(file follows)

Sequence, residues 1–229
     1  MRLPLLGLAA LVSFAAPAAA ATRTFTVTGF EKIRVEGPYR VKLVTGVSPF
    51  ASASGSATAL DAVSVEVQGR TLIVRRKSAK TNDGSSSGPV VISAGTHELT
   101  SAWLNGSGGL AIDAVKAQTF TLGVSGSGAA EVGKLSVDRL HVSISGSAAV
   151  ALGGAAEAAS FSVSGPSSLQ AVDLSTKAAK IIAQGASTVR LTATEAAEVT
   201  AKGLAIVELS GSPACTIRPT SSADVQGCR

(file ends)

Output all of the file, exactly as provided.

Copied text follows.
Sequence, residues 1–229
     1  MRLPLLGLAA LVSFAAPAAA ATRTFTVTGF EKIRVEGPYR VKLVTGVSPF
    51  ASASGSATAL DAVSVEVQGR TLIVRRKSAK TNDGSSSGPV VISAGTHELT
   101  SAWLNGSGGL AIDAVKAQTF TLGVSGSGAA EVGKLSVDRL HVSISGSAAV
   151  ALGGAAEAAS FSVSGPSSLQ AVDLSTKAAK IIAQGASTVR LTATEAAEVT
   201  AKGLAIVELS GSPACTIRPT SSADVQGCR